Sharper with Time

Long story short, I was doing final smoothing on a top tonight and reached for the #2 for some very local tear-out. The plane chattered and skipped across the piece… What the ??

So out came the DMTs and strop. Back wasn’t flat, edge not good at all. Who sharpened it last? I did, and near as I can tell it was back in 2010 (I took the plane to a class and remember sharpening all my tools then; this one isn’t used often.

It’s sharp now, so maybe I’ll reach for it more.  My sharpening skills have really progressed, too. A very good thing. Oh, and the pic shows the #2 next to Heft and Hubris incarnate, the #8C.

As always, thanks for looking!


Chairmaking Diversion: Making a Staked Stool

The first thing I must do in this blog is give kudos to those that have gone before me (and done better posts, too). Specifically here.

So after seeing how staked furniture ought to be made, let’s go into the process I used to make my first piece. What’s the point of the build? Well, not a long time ago, I decided to make a four-sided box using hand-cut dovetails. It was hardly a show piece, but it held together and I was amazed at the idea I could build something strong without nails, screws or glue. This stool build is like that.

I started with a 5/4” piece of what I believe to be hickory. Toughest wood I’ve ever worked with. Drilling four holes in a hickory plank, aside from making the 5/8” auger bit smoke, was all just about all I could muster. Some basic layout was done with a compass, and a sliding bevel set a consistent angle for the holes to be drilled.


Straight holes weren’t the object of the exercise, though. So here’s where the tapered reamer made it’s first appearance. The reamer doesn’t eject shavings, but rather collects them in the bevel near the hooked edge. Tough going, but completed four very inexact reamings in about 10 minutes’ work.


Wait, where did those sticks come from? Well, how about a picture?


To work the legs, I went grabbed a drawknife and headed over to the shaving horse. Yeah, really. I found the horse in a run-down antique mart a couple of years ago and ‘had to have it.’ It’s been taking up space ever since, so there’s no way it was going to stand idly by when there are spokes to shave!

I have a source of very-straight-grained pine that was ripped it to four even sides before heading to the shaving horse. Once clamped in, the drawknife took four sided material and made it more like a leg’d shape; not eight sided, and certainly not anything that could be mistaken for round as that wasn’t the object. Just take them back from square.

From there it was over to the bench, where two separate tools were at the ready: a tenon cutter and a hollow auger cutter. The tennon cutter was set to the 5/8” setting…


And the hollow auger carried that size down about 3/4″…


A picture of the hollow auger cutter:


Then it was back to the shaving horse, this time with drawknife and the #52 Stanley spokeshave. After a bit of tapering (to match the work done by the reamer, duh!), I was ready to drive everything home. The ends were sliced cross-grain to take shims…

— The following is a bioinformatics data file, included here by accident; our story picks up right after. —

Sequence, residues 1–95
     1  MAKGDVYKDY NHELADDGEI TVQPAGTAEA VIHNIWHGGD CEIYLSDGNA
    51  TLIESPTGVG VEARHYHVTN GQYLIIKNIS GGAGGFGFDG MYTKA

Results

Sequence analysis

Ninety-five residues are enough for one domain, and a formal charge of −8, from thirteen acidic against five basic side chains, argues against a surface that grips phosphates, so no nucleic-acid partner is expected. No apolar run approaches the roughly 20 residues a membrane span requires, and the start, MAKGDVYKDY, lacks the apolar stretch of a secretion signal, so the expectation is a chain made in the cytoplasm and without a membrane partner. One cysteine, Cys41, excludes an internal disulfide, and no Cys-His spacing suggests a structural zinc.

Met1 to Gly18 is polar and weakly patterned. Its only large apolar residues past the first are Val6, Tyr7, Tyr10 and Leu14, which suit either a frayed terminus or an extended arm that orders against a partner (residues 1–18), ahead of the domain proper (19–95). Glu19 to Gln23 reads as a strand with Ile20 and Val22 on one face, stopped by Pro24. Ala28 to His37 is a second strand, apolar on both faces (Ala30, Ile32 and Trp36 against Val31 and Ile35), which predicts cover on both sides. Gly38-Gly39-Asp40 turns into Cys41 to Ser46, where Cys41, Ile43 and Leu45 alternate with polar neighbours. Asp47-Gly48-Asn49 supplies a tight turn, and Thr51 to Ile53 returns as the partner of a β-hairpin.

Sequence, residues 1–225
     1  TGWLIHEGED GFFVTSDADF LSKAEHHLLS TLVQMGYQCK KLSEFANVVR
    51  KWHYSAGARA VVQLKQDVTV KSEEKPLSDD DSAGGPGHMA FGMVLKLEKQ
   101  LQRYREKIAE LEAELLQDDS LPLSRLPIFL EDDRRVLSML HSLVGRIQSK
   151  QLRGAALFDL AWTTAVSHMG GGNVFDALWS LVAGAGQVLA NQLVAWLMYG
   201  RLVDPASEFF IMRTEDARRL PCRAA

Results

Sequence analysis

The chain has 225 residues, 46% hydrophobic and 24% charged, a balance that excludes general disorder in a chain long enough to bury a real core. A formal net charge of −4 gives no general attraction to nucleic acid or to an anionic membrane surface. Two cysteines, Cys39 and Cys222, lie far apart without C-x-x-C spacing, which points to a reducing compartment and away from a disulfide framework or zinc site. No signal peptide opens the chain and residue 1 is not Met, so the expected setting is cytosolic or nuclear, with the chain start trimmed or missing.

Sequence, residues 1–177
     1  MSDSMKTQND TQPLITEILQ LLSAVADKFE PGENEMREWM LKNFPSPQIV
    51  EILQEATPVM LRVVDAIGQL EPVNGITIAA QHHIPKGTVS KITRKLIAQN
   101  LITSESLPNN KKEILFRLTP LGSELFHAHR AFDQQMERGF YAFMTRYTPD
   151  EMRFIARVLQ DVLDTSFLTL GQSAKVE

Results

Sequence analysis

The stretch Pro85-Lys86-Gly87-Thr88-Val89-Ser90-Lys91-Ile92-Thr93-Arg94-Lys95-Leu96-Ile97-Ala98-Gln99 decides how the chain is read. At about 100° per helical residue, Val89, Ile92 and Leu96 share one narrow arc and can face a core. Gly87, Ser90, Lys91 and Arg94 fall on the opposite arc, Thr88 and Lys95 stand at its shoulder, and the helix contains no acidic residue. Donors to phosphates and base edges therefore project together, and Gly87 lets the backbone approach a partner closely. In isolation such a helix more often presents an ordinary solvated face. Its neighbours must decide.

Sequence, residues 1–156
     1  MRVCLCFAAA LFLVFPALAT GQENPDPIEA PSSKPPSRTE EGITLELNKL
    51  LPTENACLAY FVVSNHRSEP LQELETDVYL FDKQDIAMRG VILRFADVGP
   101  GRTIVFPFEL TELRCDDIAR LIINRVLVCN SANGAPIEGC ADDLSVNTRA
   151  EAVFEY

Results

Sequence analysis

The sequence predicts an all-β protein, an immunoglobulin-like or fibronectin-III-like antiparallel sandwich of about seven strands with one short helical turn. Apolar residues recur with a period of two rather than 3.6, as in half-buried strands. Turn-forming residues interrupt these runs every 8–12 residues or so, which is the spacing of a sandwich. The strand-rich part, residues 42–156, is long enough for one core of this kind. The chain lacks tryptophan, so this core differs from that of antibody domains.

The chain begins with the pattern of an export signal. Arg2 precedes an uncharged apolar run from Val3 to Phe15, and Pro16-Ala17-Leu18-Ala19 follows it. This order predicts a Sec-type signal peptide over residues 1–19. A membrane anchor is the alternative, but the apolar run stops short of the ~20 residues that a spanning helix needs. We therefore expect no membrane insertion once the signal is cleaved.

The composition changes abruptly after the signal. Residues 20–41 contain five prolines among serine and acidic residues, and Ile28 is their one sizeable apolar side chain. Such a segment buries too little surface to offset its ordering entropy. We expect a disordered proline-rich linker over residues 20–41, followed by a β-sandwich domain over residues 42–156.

then the mallet came out.


Drove in the (ugly)shims then cut off the excess  with the Gent’s saw.

And then I realized something: The stinking system worked! I have a very, very sturdy stick stool!


Like the dovetail box many years before, I’m happy with this build as a proof of concept. I’ve now broken the ice, I’ve made staked furniture. Bigger and better things will certainly follow. That’s all for today, thanks for looking!

Chairmaking Diversions: Making a Tapered Reamer

To make basic stick chairs (and other stick-based projects), one needs a small set of task-specific tools. Not sure where this kick is going to lead me but the tool hunt is definitely ON, and started with the making of a tapered reamer. I have a stickered stack of apple splits that provided an excellent reamer blank; is there one in there?


A bit of planing with the cambered jack got me far enough along that I could mark center on one end and prep the piece for lathe work.

A ‘tool-overflow’ drawer in the assembly bench held several compass saws, one with a shop-made handle shaped from plywood. That made the ideal candidate for a reamer blade. Armed with that AND the only turning caliper thingy I own (see pic above), time to turn.

Cut the widest blade area, then took a measure at the middle, the one at the smallest end, connecting each as I worked the piece from left to right. Third pic shows the size and shape roughly matched to the donor compass blade. It took about 30 minutes to have the shape I was after, so over to the bench for the next few steps.


Cutting the slot to accept the reamer cutter was a perfect task for the Summerfield table saw.


With the cutter set in place, a few high spots needed attention with the #52 spokeshave (first ‘project’ use for that tool!). Chiseled a back bevel at the leading edge of the cutter, then turned a burr on the cutter’s edge. Finally, jointed the saw teeth to dull them a bit before cutting a hole for a dowel handle. From there it was ‘trial run’ time.